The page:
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  20th International AIDS Conference
July 20-25, 2014
Melbourne, Australia
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Ole, Pre-Exposure Prohylaxis (PrEP) Initiative: Open Label Extension - "Adherence Has To Be Good, Not Perfect," Say MSM PrEP Study Researchers
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Preexposure Chemoprophylaxis for HIV Prevention
in Men Who Have Sex with Men
20th International AIDS Conference, July 20-25, 2014, Melbourne
Mark Mascolini
Adherence to tenofovir/emtricitabine (TDF/FTC) "has to be good, not perfect," according to researchers analyzing protection from HIV with preexposure prophylaxis (PrEP) among men who have sex with men (MSM) and transgender women who have sex with men in an open-label extension of the iPrEx trial [1]. Risk reduction reached 100%, they found, when participants took 4 to 6 TDF/FTC tablets weekly.
iPrEx was the first placebo-controlled trial to demonstrate that daily TDF/FTC PrEP lowers the risk of HIV acquisition [2]. Subsequent trials confirmed that finding in heterosexual women and men and in injection drug users. But TDF/FTC PrEP offered no protection in two trials that enrolled high-risk African women, and adherence proved critical to good responses in all trials so far. Although both the CDC and the World Health Organization (WHO) recommend TDF/FTC PrEP for MSM, uptake of this strategy has been low among MSM.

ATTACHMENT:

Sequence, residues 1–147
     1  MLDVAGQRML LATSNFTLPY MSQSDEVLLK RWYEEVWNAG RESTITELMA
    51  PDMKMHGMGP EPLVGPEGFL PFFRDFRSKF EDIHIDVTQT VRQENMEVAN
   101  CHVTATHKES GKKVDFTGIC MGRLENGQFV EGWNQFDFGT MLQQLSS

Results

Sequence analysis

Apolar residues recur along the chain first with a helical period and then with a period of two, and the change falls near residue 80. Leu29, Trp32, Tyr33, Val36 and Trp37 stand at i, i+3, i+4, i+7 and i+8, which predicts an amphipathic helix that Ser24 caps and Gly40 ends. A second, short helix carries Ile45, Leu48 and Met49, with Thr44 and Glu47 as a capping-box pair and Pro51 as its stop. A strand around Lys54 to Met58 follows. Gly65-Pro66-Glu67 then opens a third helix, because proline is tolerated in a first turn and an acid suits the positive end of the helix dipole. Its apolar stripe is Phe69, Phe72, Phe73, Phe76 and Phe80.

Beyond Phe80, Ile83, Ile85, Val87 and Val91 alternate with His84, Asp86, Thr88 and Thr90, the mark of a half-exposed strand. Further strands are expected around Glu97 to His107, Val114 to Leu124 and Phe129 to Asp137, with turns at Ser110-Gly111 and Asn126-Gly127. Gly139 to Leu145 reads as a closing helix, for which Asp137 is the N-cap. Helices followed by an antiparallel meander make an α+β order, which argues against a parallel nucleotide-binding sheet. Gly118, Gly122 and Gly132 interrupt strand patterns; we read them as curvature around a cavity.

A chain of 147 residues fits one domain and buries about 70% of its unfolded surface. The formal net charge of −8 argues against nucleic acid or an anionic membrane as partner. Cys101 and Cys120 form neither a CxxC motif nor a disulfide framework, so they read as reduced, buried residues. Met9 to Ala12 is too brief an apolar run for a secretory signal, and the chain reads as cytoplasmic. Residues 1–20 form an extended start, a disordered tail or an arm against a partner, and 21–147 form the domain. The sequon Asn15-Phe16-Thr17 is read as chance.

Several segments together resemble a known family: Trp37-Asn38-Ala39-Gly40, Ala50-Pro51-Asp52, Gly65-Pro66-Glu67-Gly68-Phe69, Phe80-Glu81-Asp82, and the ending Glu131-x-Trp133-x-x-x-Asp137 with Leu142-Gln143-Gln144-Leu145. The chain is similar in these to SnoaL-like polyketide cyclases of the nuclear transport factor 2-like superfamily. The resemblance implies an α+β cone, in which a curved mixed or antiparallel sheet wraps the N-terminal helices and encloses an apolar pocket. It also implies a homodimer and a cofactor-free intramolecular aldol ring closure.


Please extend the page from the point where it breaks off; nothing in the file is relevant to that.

To get a better understanding of factors affecting PrEP uptake and adherence-based response, iPrEx investigators analyzed MSM and transgender women who entered the open-label extension, iPrEx OLE. The iPrEx team invited iPrEx participants and people enrolled in other PrEP studies and offered PrEP to everyone negative for HIV and without acute retroviral syndrome. PrEP could be started at any time (free of charge) through week 48, and follow-up of all participants (regardless of whether they started PrEP) continued to week 72.
Among 1770 people who enrolled at 11 sites in North and South America, South Africa, and Thailand, 1603 people were eligible for PrEP. Age of study participants averaged 28 years. Nearly three quarters of participants (72%) started PrEP at enrollment, 6% started PrEP later, and 23% never started PrEP.
PrEP uptake proved more frequent in participants who reported condom-free receptive anal intercourse (81% versus 75%, P = 0.003) and in men positive for herpes simplex virus (77% versus 75%, P = 0.03). PrEP uptake did not differ by age, education, transgender status, prior randomized group, or use of alcohol, methamphetamine, or cocaine. Main reasons for not starting PrEP were concerns about side effects (50%), need to take a daily pill (16%), preference for other prevention strategies (14%), and not liking to take pills (13%).
The investigators measured tenofovir diphosphate levels in dried blood spots, interpreting levels above 1250 fmol/punch as daily dosing, 700 to 1249 fmol/punch as 4 to 6 doses weekly, 350 to 699 fmol/punch as 2 to 3 doses weekly, and under 350 fmol/punch as fewer than 2 doses weekly. Comparing HIV incidence in participants who started PrEP with those not taking PrEP, the iPrEx team calculated a 100% risk reduction among people who took at least 4 to 6 tablets weekly.